Depending on the system you may qualify for RHI payments if you go with a heat pump, which will offset some or all of the high install costs. Running costs are likely to also be lower than or at least comparable to oil. With any heat pump system it's vital to ensure insulation is up to scratch though, as they operate at lower temps. if you're doing a full referb have you considered a heat pump with wet underfloor heating? Heat pumps are great for UFH and have the added benefit of adding a layer of insulation to the existing floor. Probably the most expensive option of all, but lasts a lifetime and has other benefits too- zero wallspace taken, rooms feel more comfortable, silent operation...

    If heat pumps really aren't an option, go with oil. Electric resistance heating is the most expensive form of heating going- whether it's an electric boiler, convector heaters, "miracle" German electric radiators (beware pseudo science nonsense!) or slightly cheaper storage heaters. In any case, economy7 type tariffs are likely to change drastically in the future as we all start charging our electric cars overnight....
  • danrv
    danrv Posts: 1,380
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    ed1178 wrote: »
    Depending on the system you may qualify for RHI payments if you go with a heat pump, which will offset some or all of the high install costs. Running costs are likely to also be lower than or at least comparable to oil. With any heat pump system it's vital to ensure insulation is up to scratch though, as they operate at lower temps. if you're doing a full referb have you considered a heat pump with wet underfloor heating? Heat pumps are great for UFH and have the added benefit of adding a layer of insulation to the existing floor. Probably the most expensive option of all, but lasts a lifetime and has other benefits too- zero wallspace taken, rooms feel more comfortable, silent operation...

    If heat pumps really aren't an option, go with oil. Electric resistance heating is the most expensive form of heating going- whether it's an electric boiler, convector heaters, "miracle" German electric radiators (beware pseudo science nonsense!) or slightly cheaper storage heaters. In any case, economy7 type tariffs are likely to change drastically in the future as we all start charging our electric cars overnight....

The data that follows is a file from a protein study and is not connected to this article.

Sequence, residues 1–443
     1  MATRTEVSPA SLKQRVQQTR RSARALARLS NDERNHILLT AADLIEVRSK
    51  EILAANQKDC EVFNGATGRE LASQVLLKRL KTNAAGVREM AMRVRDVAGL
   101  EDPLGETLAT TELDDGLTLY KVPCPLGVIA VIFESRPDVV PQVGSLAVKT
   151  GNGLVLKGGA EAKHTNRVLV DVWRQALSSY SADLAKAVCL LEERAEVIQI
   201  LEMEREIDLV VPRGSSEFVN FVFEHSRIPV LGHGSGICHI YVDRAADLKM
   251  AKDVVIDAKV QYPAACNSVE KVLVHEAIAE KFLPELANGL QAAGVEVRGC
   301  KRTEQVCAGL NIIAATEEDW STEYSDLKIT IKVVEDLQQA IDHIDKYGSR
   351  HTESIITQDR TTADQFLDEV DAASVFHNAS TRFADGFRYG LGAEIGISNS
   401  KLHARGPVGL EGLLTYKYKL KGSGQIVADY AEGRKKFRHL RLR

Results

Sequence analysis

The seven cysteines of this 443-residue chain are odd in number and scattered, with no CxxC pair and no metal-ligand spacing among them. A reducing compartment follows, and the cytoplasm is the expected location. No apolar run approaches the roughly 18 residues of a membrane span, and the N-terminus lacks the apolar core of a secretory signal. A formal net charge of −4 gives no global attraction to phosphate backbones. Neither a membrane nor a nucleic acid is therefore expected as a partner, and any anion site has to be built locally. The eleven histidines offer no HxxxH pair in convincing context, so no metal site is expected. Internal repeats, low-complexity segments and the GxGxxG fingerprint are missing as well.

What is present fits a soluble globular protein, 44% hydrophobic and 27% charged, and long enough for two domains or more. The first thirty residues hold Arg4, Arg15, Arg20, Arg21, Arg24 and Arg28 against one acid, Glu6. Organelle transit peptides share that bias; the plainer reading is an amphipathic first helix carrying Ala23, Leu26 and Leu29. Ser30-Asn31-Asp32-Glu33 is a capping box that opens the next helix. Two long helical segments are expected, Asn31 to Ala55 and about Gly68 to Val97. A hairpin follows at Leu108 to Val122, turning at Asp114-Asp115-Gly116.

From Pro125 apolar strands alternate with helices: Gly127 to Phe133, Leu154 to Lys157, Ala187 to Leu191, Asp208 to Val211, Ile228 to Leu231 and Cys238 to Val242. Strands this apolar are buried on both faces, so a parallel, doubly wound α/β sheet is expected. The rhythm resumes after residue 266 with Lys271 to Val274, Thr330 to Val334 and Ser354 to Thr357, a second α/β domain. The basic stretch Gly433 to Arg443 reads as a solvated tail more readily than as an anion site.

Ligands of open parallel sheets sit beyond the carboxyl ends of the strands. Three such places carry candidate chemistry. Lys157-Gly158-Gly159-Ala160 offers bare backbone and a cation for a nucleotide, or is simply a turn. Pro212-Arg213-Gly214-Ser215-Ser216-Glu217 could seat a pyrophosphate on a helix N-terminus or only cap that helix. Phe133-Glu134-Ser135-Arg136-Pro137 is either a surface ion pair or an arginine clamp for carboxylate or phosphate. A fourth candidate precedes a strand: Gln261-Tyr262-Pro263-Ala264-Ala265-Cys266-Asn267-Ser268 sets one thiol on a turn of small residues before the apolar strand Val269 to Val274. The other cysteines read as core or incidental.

Thanks. Think I may have to go with oil eventually. I can use the warm air system for a while while I redecorate then get central heating done afterwards.
  • danrv
    danrv Posts: 1,380
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    edited 25 September 2020 at 12:10PM
    RobertJr said:
    Let me show you the ductless mini split system:

    When it comes to heating one!!!8217;s home, increased efficiency is highly sought-after. For this reason, many are electing to install ductless heating systems, also known as mini-splits.

    Heating systems that utilize duct work, which are found in a majority of homes and businesses can consistently lose energy due to the way heat is dispersed throughout a home. Conversely, mini-splits can greatly reduce the heat and energy loss common among ducted systems. Additionally, mini-splits with heat pumps offer easy installation and other great features.
    Thanks, this is useful. Old post I know but still have the Electricaire warm air system.
    Reading up on heating for new builds in the future, ASHPs feature as one of the viable options along with network and hydrogen heating.
    I guess a few of these ductless mini splits would need to be installed for a three bed semi detached main heating/cooling system.
    Have also seen multi split air to air systems with several indoor units from one outdoor.